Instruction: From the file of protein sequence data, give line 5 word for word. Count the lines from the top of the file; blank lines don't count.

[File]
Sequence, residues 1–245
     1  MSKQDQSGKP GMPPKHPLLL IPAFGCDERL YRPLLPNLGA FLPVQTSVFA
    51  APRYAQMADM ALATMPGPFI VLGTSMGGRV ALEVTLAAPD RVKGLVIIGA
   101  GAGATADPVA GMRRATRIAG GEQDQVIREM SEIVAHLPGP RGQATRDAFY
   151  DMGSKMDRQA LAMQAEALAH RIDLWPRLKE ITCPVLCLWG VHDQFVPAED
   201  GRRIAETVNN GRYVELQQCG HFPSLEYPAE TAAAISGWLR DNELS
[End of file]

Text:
   151  DMGSKMDRQA LAMQAEALAH RIDLWPRLKE ITCPVLCLWG VHDQFVPAED